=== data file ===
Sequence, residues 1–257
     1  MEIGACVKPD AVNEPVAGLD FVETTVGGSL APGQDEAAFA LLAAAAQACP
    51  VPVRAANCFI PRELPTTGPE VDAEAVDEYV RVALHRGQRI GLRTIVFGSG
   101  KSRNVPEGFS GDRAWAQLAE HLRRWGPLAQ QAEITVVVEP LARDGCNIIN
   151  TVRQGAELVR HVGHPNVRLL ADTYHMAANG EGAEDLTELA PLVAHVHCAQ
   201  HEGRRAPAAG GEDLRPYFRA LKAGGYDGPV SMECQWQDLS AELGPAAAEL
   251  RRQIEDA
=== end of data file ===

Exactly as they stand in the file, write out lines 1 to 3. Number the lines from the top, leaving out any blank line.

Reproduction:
Sequence, residues 1–257
     1  MEIGACVKPD AVNEPVAGLD FVETTVGGSL APGQDEAAFA LLAAAAQACP
    51  VPVRAANCFI PRELPTTGPE VDAEAVDEYV RVALHRGQRI GLRTIVFGSG